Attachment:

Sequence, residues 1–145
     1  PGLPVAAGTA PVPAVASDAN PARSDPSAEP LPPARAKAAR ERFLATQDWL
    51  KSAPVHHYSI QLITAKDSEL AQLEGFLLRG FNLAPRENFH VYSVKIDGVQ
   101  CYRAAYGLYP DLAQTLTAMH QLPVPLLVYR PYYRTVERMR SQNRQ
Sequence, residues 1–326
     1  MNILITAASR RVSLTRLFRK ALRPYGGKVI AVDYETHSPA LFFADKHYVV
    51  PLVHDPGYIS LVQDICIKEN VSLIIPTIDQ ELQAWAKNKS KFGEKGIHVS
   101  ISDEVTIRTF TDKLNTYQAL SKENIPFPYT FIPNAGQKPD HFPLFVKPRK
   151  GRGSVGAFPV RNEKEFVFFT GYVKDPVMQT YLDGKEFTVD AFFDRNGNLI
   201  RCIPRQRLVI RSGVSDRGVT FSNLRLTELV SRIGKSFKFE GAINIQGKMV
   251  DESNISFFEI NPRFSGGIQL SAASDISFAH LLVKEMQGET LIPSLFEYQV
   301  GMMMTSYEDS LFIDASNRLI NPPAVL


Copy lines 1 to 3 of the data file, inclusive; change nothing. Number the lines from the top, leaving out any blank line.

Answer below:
Sequence, residues 1–145
     1  PGLPVAAGTA PVPAVASDAN PARSDPSAEP LPPARAKAAR ERFLATQDWL
    51  KSAPVHHYSI QLITAKDSEL AQLEGFLLRG FNLAPRENFH VYSVKIDGVQ